We have not been following Zenyatta’s breeding career. We report this because we recently heard of the struggles she has been experiencing delivering a full term foal, yet they go on and on with it.
Zenyatta’s first two foals, the 9-year-old Cozmic One (Bernardini) and 8-year-old Ziconic (Tapit), both raced, but never won and are not retired, enjoying new careers as show horses. Her 2014 War Front filly died and she was not bred back for 2015. The four-time Eclipse winner’s 2016 War Front colt also died and her 2017 filly Zellda (Medaglia d’Oro) has yet to make the races. Zenyatta aborted her 2018 Into Mischief foal, but produced a Candy Ride (Arg) filly named Zilkha May 17 of last year.
Zenyatta won her debut in 2007 and continued, undefeated, for 19 consecutive victories, losing her final and 20th race by a nose. Winning 13 Grade 1 races, she broke the record for number of consecutive Grade 1 victories, then broke the all-time North American record for number of Grade 1 stakes wins by a filly or mare.
During her reign from 2008-2010 she infiltrated the imagination and touched people in an almost spiritual-like manner never seen before in Thoroughbred racing [in the U.S.] An Amazon of a mare who was a fierce warrior on the battlefield, she was like a lap dog in the friendly confines of her barn.
Wouldn’t it be so very lovely if they would let her retire in peace. No more breeding. No more aborted foals. Hasn’t she done enough?
Before we go . . . .
Strong willed lady
“Zenyatta detested synthetic surfaces, and had such a dislike for Del Mar’s Polytrack, she refused to even gallop over it, which is why trainer John Shirreffs kept her stabled at Hollywood Park to train over the dirt training track. The fact that Zenyatta won the Clement Hirsch Stakes three times at Del Mar, struggling each time to win by narrow margins, showed how great and competitive she really was,” the article states in Blood-Horse magazine.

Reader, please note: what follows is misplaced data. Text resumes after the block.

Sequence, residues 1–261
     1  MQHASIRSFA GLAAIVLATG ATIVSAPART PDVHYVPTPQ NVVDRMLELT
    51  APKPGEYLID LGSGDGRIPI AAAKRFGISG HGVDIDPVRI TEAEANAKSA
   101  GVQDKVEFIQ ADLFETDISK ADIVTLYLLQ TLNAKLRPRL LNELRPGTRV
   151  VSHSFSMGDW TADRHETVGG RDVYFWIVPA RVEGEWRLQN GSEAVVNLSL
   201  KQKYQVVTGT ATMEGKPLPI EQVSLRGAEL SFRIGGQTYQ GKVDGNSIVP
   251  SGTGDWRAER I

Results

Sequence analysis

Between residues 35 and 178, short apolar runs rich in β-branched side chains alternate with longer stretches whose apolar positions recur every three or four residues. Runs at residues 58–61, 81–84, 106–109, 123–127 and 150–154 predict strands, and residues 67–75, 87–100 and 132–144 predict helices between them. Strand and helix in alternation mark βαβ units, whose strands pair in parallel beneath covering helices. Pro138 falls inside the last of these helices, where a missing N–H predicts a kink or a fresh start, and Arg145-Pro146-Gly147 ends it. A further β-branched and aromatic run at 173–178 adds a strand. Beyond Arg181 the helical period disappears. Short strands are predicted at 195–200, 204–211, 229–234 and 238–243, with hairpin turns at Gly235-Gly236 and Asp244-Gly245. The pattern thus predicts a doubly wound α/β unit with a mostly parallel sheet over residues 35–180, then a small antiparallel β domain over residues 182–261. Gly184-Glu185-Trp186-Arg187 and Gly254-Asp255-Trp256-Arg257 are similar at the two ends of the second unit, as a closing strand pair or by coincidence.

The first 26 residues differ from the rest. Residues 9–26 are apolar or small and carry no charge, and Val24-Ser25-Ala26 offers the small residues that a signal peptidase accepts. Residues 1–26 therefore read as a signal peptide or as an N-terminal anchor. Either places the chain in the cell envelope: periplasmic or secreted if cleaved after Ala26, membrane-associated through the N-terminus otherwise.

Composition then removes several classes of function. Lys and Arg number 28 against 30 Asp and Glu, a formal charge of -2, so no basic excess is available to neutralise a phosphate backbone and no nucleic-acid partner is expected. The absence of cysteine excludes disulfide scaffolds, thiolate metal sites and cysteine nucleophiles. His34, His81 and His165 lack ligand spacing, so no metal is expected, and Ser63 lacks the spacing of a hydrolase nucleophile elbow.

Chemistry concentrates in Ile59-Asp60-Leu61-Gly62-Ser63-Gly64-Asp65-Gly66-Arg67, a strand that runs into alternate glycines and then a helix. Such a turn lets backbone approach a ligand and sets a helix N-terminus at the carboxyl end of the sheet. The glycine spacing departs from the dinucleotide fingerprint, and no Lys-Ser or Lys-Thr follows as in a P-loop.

Great, yes. Competitive, definitely. “Struggling each time to win by narrow margins,” shows what racehorse connections like this trainer are like. It doesn’t matter whether the horse is a claimer or a superstar. It is always about the owners and trainers, and not the horse . . . even with a great a horse like Zenyatta. Read on.
“Each time after she won the Clement Hirsch, she refused to train at Del Mar,” Shirreffs recalled. “We would take her out to the track and she would gallop about a half-mile and pull herself up into a jog, then jog to the nearest gap and go off. There was no sense going on with her. We would take her out there every day and say, ‘OK, let’s see how far she wants to gallop today.’ And every day that’s as far as she would gallop. What are you going to do, hit her with the stick to try to make her go? She just hated that track. She tolerated it in a race, but after she ran she was done with it. So, each time we shipped her back to Hollywood Park and trained her on the dirt.”
This is horse racing.
“The Sad Tale Of Zenyatta’s Little Brother“, USRacing.com »
Featured Image: Zenyatta. 2008. © Sarah K Andrew.